These are more than just names

 

Keyshia Blige, 33
Tamara Dominguez, 36
Kandis Capri, 35
Amber Monroe 20
Ashton O’Hara, 25
Shade Schuler, 22
K.C. Haggard, 66
India Clarke, 22
Mercedes Williamson, 17
Penny Proud, 21
Taja Gabrielle Dejesus, 36
Bri Golec, 22
Lamia Beard, 30
Papi Edwards, 20
Elisha Walker, 20
Jasmine Collins, 32
London Chanel, 21
Ty Underwood, 24
Yazmin Vash Payne, 33
Kristina Gomez Reinwald, 46
Zella Ziona, 21
Maya Hall, 27
Kiesha Jenkins, 22
Read those names. Read their ages.

Read them again.

Say them out loud.

These are the names of transgender people whose lives were taken at the hands of anti-trans violence in the United States this year. These people, most of them transgender women of color, had lives. Many of them were younger than I am.

Careers, hopes, dreams, loves, plans — all of them real, and all of them violently lost to a system that dehumanizes transgender people and perpetuates violence against them.

Read the names again. Read them to your friends and loved ones.

I am using my space this month to share these names with our community. This symbolic gesture will do nothing to alleviate the pain of those closest to the victims, and it is not likely to comfort to the transgender people, out and closeted, who live everyday with the fear that they will end up on this list. Although I want to extend my support to them, today and every day, they are not the people I want to reach with this list. I know that they have already read it many times over.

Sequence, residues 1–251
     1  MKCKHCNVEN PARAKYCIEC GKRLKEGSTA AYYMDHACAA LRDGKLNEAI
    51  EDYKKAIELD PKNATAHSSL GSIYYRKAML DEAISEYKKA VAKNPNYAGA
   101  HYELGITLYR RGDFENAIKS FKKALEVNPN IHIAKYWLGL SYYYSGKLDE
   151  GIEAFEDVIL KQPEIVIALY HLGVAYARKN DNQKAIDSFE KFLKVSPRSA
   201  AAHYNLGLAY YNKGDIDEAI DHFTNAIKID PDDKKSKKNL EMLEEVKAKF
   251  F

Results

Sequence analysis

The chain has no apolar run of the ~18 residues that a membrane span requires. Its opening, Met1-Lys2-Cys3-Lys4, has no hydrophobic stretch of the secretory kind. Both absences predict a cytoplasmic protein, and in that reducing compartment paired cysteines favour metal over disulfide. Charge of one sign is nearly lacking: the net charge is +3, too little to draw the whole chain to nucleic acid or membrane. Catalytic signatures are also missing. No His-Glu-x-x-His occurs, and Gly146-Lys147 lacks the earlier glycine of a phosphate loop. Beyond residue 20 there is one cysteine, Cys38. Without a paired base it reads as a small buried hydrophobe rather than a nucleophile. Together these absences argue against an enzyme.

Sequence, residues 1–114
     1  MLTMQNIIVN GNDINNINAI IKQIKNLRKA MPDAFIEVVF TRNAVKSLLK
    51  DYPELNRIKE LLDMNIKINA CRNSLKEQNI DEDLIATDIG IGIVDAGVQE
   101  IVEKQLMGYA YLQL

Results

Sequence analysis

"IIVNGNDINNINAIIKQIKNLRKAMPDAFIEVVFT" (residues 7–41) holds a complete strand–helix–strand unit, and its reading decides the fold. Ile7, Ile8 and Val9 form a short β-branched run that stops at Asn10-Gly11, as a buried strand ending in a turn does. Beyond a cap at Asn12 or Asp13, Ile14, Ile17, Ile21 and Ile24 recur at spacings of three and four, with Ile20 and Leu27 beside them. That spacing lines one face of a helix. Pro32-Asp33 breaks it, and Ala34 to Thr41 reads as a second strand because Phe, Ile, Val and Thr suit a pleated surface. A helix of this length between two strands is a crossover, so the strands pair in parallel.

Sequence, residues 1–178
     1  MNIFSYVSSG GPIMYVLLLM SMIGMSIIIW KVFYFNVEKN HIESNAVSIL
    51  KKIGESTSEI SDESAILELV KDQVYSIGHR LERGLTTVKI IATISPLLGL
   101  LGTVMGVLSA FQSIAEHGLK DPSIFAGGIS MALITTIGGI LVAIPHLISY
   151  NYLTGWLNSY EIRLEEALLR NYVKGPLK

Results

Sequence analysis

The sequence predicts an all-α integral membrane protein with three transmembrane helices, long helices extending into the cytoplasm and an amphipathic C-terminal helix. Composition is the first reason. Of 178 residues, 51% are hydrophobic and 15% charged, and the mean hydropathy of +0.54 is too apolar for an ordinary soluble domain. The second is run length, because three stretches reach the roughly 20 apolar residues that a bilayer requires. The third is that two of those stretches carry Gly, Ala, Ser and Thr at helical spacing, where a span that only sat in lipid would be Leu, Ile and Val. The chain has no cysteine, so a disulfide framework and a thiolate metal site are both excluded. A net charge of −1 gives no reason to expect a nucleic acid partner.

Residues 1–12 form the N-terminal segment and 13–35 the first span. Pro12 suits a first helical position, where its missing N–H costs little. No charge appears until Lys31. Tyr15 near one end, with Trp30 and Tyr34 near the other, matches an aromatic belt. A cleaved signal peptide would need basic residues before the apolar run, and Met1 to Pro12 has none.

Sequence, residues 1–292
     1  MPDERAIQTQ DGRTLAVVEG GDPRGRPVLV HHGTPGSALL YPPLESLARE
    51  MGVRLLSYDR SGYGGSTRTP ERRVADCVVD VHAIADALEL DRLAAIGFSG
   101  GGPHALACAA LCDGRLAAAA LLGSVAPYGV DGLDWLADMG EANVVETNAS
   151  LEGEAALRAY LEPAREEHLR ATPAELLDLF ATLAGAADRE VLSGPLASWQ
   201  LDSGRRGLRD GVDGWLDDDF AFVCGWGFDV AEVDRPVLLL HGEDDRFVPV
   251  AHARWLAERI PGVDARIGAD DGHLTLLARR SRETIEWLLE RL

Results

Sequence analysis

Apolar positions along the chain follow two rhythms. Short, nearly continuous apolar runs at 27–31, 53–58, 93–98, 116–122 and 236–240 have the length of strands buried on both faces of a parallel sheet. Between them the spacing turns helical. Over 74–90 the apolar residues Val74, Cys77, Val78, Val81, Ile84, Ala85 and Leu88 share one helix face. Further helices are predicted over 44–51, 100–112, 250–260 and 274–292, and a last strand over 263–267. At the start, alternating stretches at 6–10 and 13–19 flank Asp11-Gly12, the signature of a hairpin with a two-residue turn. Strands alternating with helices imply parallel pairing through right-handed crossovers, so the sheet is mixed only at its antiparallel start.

I want this list to reach everyone else.

It is no secret that the readership is generally white, male, and cisgender. I do not say that disparagingly, because I am as well, and that is the audience I want to address with this column.
Fellow cis white gays, we need to do better. We need to make space for our trans siblings, especially those who are not white, because they are disproportionately affected by all of the same forces that oppress us.
As a community of allies, we need to step up to the plate in our places of privilege and step back when it is time to amplify the voices of the downtrodden. We need to devote our time, energy, and resources to elevating and protecting transgender people. We need to do away with this list.
Read their names again. Remember them. Share their stories. Then get to work.

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